Google is the Wizard of search marketing’s Oz. The all-powerful being around which our universe orbits, and the all-knowing guru to whom we turn for website advice. While Google, like the wizard, may guard its own secrets, it lifts the curtain and lets us look at the inner workings of websites. In this session, two of Google’s own, Avinash Kaushik and Tom Leung, gave us an insider’s tour of changes in Google Analytics and Google Website Optimizer, two tools of incredible value to search marketers and webmasters alike.
Avinash, author of Analytics Evangelist, outlined a few key uses of Google Analytics that can make a huge impact on the success of your website.
“If you’re not using bounce rate as a filter to fix things really fast…than you are probably committing a crime against humanity,” Avinash asserted.
He recommends looking to bounce rate first and foremost to determine if your website “sucks.” While the bounce rate can’t give you a solution, it is a quick indicator of problem pages on your site.
Examine your site’s Google Analytics bounce rate report and identify any low performers. Investigate these pages and consider changing and testing alternative formats to improve performance.
Avinash focused his discussion of Google Analytics keyword reports on its relevance to both ‘head’ keywords and ‘long-tail’ keywords.
- Head keywords The top few keywords that drive a lot of traffic to your site. Head keywords often include branded terms.
- Long-tail keywords The many other keywords that drive a little traffic to your site. These words are often category, generic, or early bird terms for your goods or services.
Head keywords should be monitored very carefully; you need to “obsess efficiently” about them, according to Avinash.
He claims that with many other analytics tools, the sheer amount of data with respect to the number of keywords your site ranks for can be overwhelming. With analytics, you can mine your keyword report and pull out relevant long tail keywords, the terms that you can monitor more loosely.
Avinash recommends pulling analytics reports that show dynamic long tail keywords, those that have recently begun driving more or less traffic to your site. This will cut through the clutter of all of your ranking keywords and help you identify those to monitor.
Avinash believes the biggest mistake online marketers make is narrowly defining their conversion. Each business has multiple definitions of a conversion, and should reflect this in their web analytics.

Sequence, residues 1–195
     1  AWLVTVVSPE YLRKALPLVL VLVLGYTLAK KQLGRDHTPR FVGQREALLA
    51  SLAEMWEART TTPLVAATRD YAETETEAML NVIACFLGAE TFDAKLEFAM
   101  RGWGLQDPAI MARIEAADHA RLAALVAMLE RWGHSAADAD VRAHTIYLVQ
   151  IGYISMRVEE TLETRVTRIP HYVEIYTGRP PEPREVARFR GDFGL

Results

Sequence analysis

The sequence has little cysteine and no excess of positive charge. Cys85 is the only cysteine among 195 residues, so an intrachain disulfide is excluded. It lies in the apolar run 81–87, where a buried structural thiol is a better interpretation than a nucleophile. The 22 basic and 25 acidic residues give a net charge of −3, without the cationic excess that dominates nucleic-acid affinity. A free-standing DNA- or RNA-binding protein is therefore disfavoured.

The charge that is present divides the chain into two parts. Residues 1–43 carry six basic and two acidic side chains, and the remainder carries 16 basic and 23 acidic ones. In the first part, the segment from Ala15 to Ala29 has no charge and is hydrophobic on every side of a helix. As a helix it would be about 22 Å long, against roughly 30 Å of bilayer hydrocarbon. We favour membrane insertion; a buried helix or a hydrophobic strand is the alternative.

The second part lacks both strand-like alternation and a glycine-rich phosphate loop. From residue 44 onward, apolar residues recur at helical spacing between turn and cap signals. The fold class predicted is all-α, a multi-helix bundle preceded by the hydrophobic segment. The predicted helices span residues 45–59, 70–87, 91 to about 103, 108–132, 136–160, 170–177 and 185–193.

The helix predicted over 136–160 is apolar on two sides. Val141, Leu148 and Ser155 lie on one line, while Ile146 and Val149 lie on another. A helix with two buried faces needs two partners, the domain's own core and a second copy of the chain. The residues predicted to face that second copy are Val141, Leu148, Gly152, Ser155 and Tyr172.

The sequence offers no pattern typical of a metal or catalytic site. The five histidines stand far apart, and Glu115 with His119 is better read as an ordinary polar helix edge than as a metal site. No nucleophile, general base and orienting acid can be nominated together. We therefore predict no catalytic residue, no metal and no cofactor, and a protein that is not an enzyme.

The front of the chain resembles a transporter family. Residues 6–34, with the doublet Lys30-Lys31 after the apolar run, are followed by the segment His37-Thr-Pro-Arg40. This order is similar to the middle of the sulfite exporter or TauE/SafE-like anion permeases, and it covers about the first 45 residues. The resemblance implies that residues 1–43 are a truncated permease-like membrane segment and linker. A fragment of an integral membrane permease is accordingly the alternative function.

Google Analytics allows sites to define four conversions. For an ecommerce site, these conversions will all most likely have a direct monetary value.
For content sites, Avinash recommends recognizing and defining conversion goals in terms of customer loyalty and recency. Pull Google Analytics Reports for visitor loyalty to see how many visitors come regularly. Pull the visitor frequency reports to see the frequency with which people return to your site. These metrics can be turned into goals and assigned monetary amounts to give an idea of their value.
Tom Leung, Business Product Manager for Google Website Optimizer, gave an outline of trends and changes in the website testing field. He began his session by giving an overview of the reasons behind the increasing momentum testing has seen:
- A higher focus on ROI and CPA
- Leading agencies are offering landing page testing services
- More resources for testing become available every year
- Site visitors have high expectations due to increased choices
- A best-practice landing page has become a minimum requirement
Tom then explained some of the key changes Google Optimizer has undergone. New partnerships with third party groups have allowed for greater integration of Google Optimizer with other tools. Also, a number of new Google Optimizer resources are currently available, from the Optimizer Blog to new tutorial videos.
Some of the key functional changes specific products have undergone include:
- Landing page testing report “pruning” Users can identify and disable poorly performing landing page variations to drive more traffic to those performing well
- Improved Reports Google Optimizer has changed the color coding of confidence levels showing the performance of landing pages. Pages are only shown in red or green if they are performing either well or poorly on a statistically significant level.
- Offline Validation for A/B testing
Tom claimed one of the biggest changes in Website Optimizer isn’t in the product offerings so much as a change in Advertiser attitude. With the tools Optimizer can provide, advertisers now know they have a right to higher conversion rates, better landing pages, free testing technology and more.
Even though Google’s analytic products tend to set the industry standard in terms of function and usability, they are constantly listening to user feedback in order to further improve their products. As the Wizard of Oz gave useful gifts to his visitors, Google has once again provided online marketers with tools they can use to improve their sites and increase client profits.